Registry of property ownership aimed at lifting curtain on money laundering

B.C. introduces first beneficial ownership registry in Canada that shines light on companies, trusts and partnerships

Glacier Media
April 2, 2019

The government intends to release the registry on beneficial ownership in real estate next year after passing the Land Owner Transparency Act. — Richmond News

A new, publicly accessible registry will play a part in fighting money laundering and other crimes by revealing the beneficial owners of property in B.C., says Minister of Finance Carole James.

The government tabled legislation Tuesday (April 2) that will enable the registry on beneficial ownership in real estate, which it intends to release next year after passing the Land Owner Transparency Act.

Cracking down on housing speculation fuelled by illegal activities, including money laundering and tax evasion, are the prime motivators for the B.C. NDP government, James added.

“For years, people were able to use shell companies, trusts and partnerships to hide who really owns property in British Columbia,” James announced to the Legislature. “The act sets out a framework for increasing transparency of land ownership in the province by requiring disclosure from corporations, trustees and partnerships about the underlining owners of land.”

It will be up to companies, trusts and partnerships to disclose the beneficial ownership structures they have, or face a fine of 15% of the property’s value to a maximum fine of $100,000. (5% of $50,000 for individuals).

The Land Title and Survey Authority will administer the registry, which will be searchable for a fee. Currently, anyone may search for the owner of a property for about $12 per search.

The listed owner may very well be a nominee or a trustee. Or, a company may own the property and its directors may not necessarily be the beneficial owners, who are defined as those who ultimately control the asset.

According to a government news release, “tax authorities, law enforcement and regulatory agencies will have access to more detailed information, such as the nature of their beneficial interest, place of residence, citizenship, tax number and information about the person completing the report.”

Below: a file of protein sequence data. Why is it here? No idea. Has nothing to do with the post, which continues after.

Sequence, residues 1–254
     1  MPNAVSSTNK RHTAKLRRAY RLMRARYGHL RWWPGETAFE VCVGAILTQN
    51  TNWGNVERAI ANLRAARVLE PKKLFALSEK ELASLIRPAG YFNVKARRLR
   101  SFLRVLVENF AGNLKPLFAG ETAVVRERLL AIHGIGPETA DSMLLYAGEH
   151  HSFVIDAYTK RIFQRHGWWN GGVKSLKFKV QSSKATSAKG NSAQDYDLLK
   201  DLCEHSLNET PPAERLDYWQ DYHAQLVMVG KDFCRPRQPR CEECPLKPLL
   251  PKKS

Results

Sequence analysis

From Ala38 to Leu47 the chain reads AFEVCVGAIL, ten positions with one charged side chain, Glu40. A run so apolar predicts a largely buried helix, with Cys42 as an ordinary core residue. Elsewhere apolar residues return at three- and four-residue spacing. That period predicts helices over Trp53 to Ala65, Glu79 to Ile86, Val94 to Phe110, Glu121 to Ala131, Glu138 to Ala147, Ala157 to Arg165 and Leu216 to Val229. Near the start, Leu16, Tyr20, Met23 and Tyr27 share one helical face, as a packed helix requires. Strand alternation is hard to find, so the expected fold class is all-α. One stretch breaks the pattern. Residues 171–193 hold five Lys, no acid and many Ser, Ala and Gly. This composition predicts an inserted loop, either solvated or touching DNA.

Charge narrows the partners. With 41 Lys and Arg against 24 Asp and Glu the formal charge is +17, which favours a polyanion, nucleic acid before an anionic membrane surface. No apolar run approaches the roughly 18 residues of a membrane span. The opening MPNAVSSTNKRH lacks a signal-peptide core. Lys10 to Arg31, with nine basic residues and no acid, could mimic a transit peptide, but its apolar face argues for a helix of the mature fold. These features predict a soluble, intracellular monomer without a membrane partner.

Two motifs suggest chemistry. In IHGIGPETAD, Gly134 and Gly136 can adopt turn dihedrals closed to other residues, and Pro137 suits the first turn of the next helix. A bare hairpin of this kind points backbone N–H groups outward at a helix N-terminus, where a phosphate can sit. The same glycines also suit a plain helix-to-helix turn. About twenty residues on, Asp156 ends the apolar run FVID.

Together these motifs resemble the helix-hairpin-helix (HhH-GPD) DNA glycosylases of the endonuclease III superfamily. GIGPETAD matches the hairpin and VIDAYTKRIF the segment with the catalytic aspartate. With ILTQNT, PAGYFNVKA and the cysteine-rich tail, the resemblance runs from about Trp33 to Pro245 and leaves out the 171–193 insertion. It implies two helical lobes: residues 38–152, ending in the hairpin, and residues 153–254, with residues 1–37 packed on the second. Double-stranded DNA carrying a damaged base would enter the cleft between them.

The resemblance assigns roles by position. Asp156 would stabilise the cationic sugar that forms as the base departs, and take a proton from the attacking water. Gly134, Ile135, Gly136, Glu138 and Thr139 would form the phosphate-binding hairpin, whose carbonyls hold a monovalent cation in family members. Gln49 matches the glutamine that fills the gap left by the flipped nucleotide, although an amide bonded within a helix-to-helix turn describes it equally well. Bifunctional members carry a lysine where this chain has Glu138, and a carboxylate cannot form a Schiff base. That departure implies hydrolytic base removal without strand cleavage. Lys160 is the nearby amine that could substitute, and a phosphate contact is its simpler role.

The government is now in possession of a report from investigator and former RCMP deputy commissioner Peter German on money laundering in the B.C. real estate sector. The report is to be released publicly once cabinet reviews it, according to Attorney General David Eby.

The extent of money laundering in real estate is unknown, although anti-financial crime advocacy group Transparency International Canada suggests tens of billions of dollars of criminal proceeds could be washed annually in the Toronto and Vancouver markets.

Meanwhile, the Canada Revenue Agency reported in January record levels of tax evasion in the sector as a result of stronger enforcement levels.

Layers of ownership can obscure sources of funds, a key tactic in of money laundering and tax evasion.

A 2017 report from Transparency International Canada showed nearly half the 100 most valuable residential properties in Greater Vancouver were held through structures that hide their beneficial owners.

Once the act passes, no property transaction will be allowed to proceed without a beneficial ownership disclosure – which is one of several recommendations from the group, which noted how “gatekeepers” such as brokers, developers, notaries and lawyers can play a key role in detecting money laundering.

James’ announcement was complemented by a prepared statement from the Law Society of BC, which regulates lawyers, who make up a bulk of residential conveyances.

“Requiring companies, trusts and partnerships to disclose their controlling shareholders, beneficial owners and partners protects the public by letting everyone know who they are dealing with in B.C.’s real estate market,” said Nancy Merrill, president of the Law Society of BC.

The release also notes: “In addition, the B.C. government is introducing amendments to the Business Corporations Act to crack down on tax evasion and money laundering by requiring private companies to hold accurate and up-to-date information about the true owners of their shares, and eliminating bearer shares, which are unregistered shares owned by the certificate holder.”

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